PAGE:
"I have," replied Grace, raising her finger in salute to the emergency captain. "They'll all be here at Rosabell, by eleven. And having Mary and Helen will give us a small troop." "That's splendid. Mary and Helen are Tenderfoots, of course, but they know the duties. I can scarcely believe that girl would actually say the things we heard her say, and then to throw that box at Louise!"
They were on the other side of the island, but Ben had the carrier pigeons and we made up all kinds of outdoor games and he let me use all the yellow paper I wanted. He's gone back home, all well and ready for High School." This last sentence seemed to evoke a sigh from Kitty. "That was why he had his book always with him," said Cleo, and they turned the corner to Rosabell.
We will be glad to help you," she insisted, feeling the Girl Scout pledge surge over her. It was quickly decided Grace should run for her sister Leonore, to get their car out, as Rosabell was the nearest cottage, and while she hurried off with Helen, Cleo and Louise assisted the old man to his feet. Meanwhile Mary and Julia gathered up his fishing outfit.
Without a thought of the down-pouring rain, the Girl Scouts, garbed in such protective garments as they could snatch from the clothes-tree in the hall of Rosabell, raced over to cover the short distance to the pavilion, where the crowd was seen to gather from all directions. "What was struck?" Cleo asked a boy, who was trying to outdistance the bright red fire engine.
"Don't go turning crabbed, or getting fishy, or even mermaiding in this room, Grace," teased Cleo. "It is so effective I should rather fear the effect taking root. Just look at this real little alligator and he is actually strong enough to sit on! Did you ever see anything so cunning?" It was all very novel, and everyone decided "Rosabell" was one of the prettiest cottages in Sea Crest.
"We might even do that," replied Grace, "but now let's hie to the next cottage. I think mine is next." "Here we are!" announced Grace, leading her companions up through the well groomed lawn, then under the rose arch over which the word "Rosabell" was wrought in rustic characters, with the rose vines threading in and out, and punctuating each letter with sprays of buds almost ready to bloom.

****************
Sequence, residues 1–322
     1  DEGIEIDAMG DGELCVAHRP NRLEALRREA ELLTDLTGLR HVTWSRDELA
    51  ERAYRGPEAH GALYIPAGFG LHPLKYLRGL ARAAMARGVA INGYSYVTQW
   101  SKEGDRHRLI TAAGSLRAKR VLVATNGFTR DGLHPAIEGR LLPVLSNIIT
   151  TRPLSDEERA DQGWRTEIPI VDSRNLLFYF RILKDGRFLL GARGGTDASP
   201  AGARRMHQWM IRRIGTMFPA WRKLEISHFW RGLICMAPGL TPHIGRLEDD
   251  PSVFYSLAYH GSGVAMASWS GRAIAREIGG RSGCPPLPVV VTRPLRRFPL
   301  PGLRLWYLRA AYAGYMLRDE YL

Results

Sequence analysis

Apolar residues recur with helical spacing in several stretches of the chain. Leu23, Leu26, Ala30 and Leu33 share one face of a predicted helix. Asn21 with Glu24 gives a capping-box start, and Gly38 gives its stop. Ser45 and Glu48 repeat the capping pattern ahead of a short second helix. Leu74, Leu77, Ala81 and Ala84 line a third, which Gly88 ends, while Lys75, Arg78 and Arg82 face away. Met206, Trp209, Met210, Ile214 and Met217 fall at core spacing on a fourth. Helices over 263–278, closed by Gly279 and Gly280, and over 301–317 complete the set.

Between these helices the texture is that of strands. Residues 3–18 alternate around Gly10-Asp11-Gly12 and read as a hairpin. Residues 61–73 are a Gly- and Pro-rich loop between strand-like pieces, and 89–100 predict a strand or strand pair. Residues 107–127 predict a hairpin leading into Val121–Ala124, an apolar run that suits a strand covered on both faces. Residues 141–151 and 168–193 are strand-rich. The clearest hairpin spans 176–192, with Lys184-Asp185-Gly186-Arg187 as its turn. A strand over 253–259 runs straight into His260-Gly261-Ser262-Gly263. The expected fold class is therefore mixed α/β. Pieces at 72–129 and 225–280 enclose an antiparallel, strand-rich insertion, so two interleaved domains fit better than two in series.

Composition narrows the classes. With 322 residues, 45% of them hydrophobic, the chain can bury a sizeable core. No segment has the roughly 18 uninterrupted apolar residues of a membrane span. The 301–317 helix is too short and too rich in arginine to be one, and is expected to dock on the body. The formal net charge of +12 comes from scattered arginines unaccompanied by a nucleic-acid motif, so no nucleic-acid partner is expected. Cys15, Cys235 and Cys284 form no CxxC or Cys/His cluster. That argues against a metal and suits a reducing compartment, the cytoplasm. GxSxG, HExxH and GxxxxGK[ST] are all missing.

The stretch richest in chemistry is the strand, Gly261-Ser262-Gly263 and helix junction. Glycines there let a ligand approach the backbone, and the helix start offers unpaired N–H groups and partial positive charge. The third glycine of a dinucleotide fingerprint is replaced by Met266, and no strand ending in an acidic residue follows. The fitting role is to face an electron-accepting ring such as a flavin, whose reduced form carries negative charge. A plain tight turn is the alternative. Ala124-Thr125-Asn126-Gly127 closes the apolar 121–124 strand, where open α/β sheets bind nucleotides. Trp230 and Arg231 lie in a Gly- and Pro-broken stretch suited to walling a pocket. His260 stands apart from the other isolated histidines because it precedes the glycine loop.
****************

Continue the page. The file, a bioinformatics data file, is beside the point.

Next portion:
"Well, I am doubly sorry for Kitty if that's Aunt Hannah," declared Julia, and then the Treddie left Luna Land behind. GRACE tapped at the side window of the Log Cabin; she had climbed over the little stile-steps that mounted the fence between Rosabell and Cleo's cottage, and now she waited at the window for a sign of life within, for it was early, and summer folks could sleep late.
Five minutes later it was a queer little procession that wended the short way from the landing to Rosabell cottage. "I would like you to have seen the old dump," said Kitty, referring to Luna Land, "but I'll never go back there while Hannah is around. It's only a couple of shacks. Nothing to see but Bentley's camp.
Now Cleo, I want to tell you something," and she settled down deeper in the porch cushions at "Rosabell." Also she kicked off a new pair of pumps to remove pedal distractions. "You know Cleo, I have heard that a lot of small fires do start up mysteriously around here. And no one has been able to run down the fire bug.
"Oh, isn't that pretty!" enthused Cleo. "I believe the light dainty cottage is really prettier than our gloomy old log cabin." "And such porch furniture!" enthused Louise. "You can have a lovely scout meeting out here Grace. Let's hurry and organize so we can have a meeting," suggested Louise in sincere compliment to "Rosabell."